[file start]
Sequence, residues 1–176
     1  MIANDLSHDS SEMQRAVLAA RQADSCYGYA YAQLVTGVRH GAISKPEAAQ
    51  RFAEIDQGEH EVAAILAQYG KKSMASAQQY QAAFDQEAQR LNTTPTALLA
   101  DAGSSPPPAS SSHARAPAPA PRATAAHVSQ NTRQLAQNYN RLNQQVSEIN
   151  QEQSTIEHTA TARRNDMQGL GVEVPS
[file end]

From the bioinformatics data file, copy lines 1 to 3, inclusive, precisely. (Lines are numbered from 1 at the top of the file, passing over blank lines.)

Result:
Sequence, residues 1–176
     1  MIANDLSHDS SEMQRAVLAA RQADSCYGYA YAQLVTGVRH GAISKPEAAQ
    51  RFAEIDQGEH EVAAILAQYG KKSMASAQQY QAAFDQEAQR LNTTPTALLA